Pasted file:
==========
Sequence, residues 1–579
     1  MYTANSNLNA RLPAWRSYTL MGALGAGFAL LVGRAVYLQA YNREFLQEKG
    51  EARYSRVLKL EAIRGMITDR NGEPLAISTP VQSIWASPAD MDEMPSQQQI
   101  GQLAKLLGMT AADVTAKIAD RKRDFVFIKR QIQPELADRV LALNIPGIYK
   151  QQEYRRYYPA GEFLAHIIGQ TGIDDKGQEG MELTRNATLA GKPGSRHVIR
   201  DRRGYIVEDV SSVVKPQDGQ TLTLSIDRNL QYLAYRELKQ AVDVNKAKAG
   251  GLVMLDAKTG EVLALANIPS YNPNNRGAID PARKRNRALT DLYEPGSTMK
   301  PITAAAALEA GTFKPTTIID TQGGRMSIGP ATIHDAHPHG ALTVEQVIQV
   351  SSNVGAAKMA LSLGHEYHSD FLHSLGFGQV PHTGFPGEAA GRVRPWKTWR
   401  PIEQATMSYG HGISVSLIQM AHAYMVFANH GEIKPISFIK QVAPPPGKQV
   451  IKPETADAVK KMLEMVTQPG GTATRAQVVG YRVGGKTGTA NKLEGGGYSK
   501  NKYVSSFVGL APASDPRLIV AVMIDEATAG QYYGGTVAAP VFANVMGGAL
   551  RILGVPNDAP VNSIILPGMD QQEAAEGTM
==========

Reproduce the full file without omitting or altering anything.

Sequence, residues 1–579
     1  MYTANSNLNA RLPAWRSYTL MGALGAGFAL LVGRAVYLQA YNREFLQEKG
    51  EARYSRVLKL EAIRGMITDR NGEPLAISTP VQSIWASPAD MDEMPSQQQI
   101  GQLAKLLGMT AADVTAKIAD RKRDFVFIKR QIQPELADRV LALNIPGIYK
   151  QQEYRRYYPA GEFLAHIIGQ TGIDDKGQEG MELTRNATLA GKPGSRHVIR
   201  DRRGYIVEDV SSVVKPQDGQ TLTLSIDRNL QYLAYRELKQ AVDVNKAKAG
   251  GLVMLDAKTG EVLALANIPS YNPNNRGAID PARKRNRALT DLYEPGSTMK
   301  PITAAAALEA GTFKPTTIID TQGGRMSIGP ATIHDAHPHG ALTVEQVIQV
   351  SSNVGAAKMA LSLGHEYHSD FLHSLGFGQV PHTGFPGEAA GRVRPWKTWR
   401  PIEQATMSYG HGISVSLIQM AHAYMVFANH GEIKPISFIK QVAPPPGKQV
   451  IKPETADAVK KMLEMVTQPG GTATRAQVVG YRVGGKTGTA NKLEGGGYSK
   501  NKYVSSFVGL APASDPRLIV AVMIDEATAG QYYGGTVAAP VFANVMGGAL
   551  RILGVPNDAP VNSIILPGMD QQEAAEGTM